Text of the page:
Three New Year Considerations for calibrating a career trajectory
Autumn Tooms Cyprès
The first few weeks of the new year is a natural time to reflect on one’s career trajectory and set goals for the upcoming months. For junior professors, the process of reflection and goal setting can be overwhelming because it is focused primarily on the quest for tenure and promotion. As a full professor, I can share that the thrill of tenure, once earned, fades quickly into a cycle of other quests that range from completion of projects or promotion to administrative roles. It is the rare academic who announces, “I have tenure now so I’m going to take it easy and find some balance in my life.” With this universal truth in mind, I begin again by offering three considerations for 2016 that help to calibrate career goals and a more focused trajectory.
Consideration one: Find an institution that matches your needs for time
Strategic investments of time make the difference between successful, balanced academics and unproductive scholars struggling to find a moment’s peace. A colleague during my first year at Kent State University said the key to being successful was, “ …getting from Point A to Point B”. The trick is deciding what constitutes Point B. For some it is lots of free time, for others it is a vita rich with publications. Once you have identified Point B, the second step is to ask yourself in the face of every request if investing in that request gets you closer to, or farther away from, Point B. It may also be helpful to avoid comparing your journey to others in your department as your goals may not be the same as others. In many circumstances, your goals may actually be in direct conflict with the goals of your colleagues’. For example, I had a colleague I really enjoyed thinking with over coffee. We enjoyed our weekly coffees so much that we decided to write together. Once our project was over, I realized that I would not be able to work with her again because we spent more time talking and processing than we did actually writing.
Consideration two: Find a mentor; be a mentor
A mentoring relationship is a mutually beneficial relationship between someone more experienced and someone less experienced. Such a relationship requires honest dialog, mutual trust, and the willingness of the mentee to reflect on the insights of the mentor. A great way to meet a mentor is through networking at national conferences such as NCPEA. Don’t be shy about networking; introduce yourself either in person or via email and ask for feedback about something you have written, or something that person has read. Volunteering to participate in projects is another great way to meet a mentor. Be prudent when considering where you invest your time. Do you networking at the local, state, or national level? If you are seeking tenure; building national networks can be helpful in terms of laying the foundation for finding the names of possible external reviewers. But if you are more focused on leveraging issues at the state level, you might save your travel funds for trips within your state. Serving as a mentor is another great way to extend and enliven networks within your sphere of influence. A caveat for mentors as well as those seeking to be mentored is that your word is the most important form of capital you have. If you promise to meet a deadline or follow through on a task; keep your promise.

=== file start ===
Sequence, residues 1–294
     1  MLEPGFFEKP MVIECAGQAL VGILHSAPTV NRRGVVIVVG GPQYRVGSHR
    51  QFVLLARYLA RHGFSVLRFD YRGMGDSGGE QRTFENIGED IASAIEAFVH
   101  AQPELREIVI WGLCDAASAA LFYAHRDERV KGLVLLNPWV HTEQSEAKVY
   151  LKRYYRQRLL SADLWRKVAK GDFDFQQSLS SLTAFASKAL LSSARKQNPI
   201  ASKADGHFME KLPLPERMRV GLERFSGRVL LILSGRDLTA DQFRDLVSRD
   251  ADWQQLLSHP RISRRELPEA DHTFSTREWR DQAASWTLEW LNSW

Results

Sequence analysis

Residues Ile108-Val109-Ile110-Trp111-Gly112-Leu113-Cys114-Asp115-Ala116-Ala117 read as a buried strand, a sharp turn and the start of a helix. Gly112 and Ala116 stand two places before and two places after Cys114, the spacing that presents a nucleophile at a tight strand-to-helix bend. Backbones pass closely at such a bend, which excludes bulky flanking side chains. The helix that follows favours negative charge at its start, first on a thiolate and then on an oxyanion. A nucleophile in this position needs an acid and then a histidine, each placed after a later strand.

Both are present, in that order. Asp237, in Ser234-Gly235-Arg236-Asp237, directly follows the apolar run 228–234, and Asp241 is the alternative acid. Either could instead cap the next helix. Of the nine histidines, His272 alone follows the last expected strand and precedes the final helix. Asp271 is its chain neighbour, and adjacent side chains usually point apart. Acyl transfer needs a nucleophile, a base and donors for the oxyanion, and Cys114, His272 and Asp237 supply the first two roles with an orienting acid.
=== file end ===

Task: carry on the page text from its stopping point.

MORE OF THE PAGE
Consideration three: Find a comfortable way to say no and use it often
One of the dangers of our profession is that we can be seduced by exciting opportunities and we do not know how to set a boundary. I have known many colleagues who worked through the “Point A to Point B” puzzle and realized that the opportunity in front of them was not going to help them get closer to Point B. Unfortunately, they did not have the courage or tools to say no and set a boundary. Junior professors are often asked to serve on all sorts of committees because senior professors know that their tenure allows refusal of such service without ramification. If you are a junior professor do not be afraid to invoke “no” when asked to serve on a committee by using your quest for tenure as the excuse. If you are a senior professor, it can be more difficult to say no because of professional expectations to serve. In most cases, when faculty are collegial, department chairs and deans make honest efforts to support faculty members’ refusal of a particularly duty for at least a semester.
Of all the suggestions above, reflection is perhaps the most important because it gives perspective. Place on your calendar time to step away from your duties and think about where your career is unfolding. Take yourself to lunch and consider if you are meeting your long and short-term goals. Map out the writing projects that you have yet to complete. Is there a mentor or a protégé that you have not checked in with? Typically I schedule these reflective exercises with the changes of the semester. Like all other end of the semester rituals, they help me to celebrate my successes, solidify my networks, and energize for the work of the coming months.